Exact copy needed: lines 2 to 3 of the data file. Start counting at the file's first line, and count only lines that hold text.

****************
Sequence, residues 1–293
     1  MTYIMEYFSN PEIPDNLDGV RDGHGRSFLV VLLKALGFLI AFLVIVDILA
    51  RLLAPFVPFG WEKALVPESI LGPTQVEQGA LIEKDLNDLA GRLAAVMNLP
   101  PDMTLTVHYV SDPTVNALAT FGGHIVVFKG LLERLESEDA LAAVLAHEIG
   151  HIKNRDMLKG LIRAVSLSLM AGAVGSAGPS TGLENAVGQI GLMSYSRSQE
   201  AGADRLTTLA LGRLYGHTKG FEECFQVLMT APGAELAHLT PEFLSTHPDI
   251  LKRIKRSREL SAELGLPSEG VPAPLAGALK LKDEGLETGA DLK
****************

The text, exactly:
     1  MTYIMEYFSN PEIPDNLDGV RDGHGRSFLV VLLKALGFLI AFLVIVDILA
    51  RLLAPFVPFG WEKALVPESI LGPTQVEQGA LIEKDLNDLA GRLAAVMNLP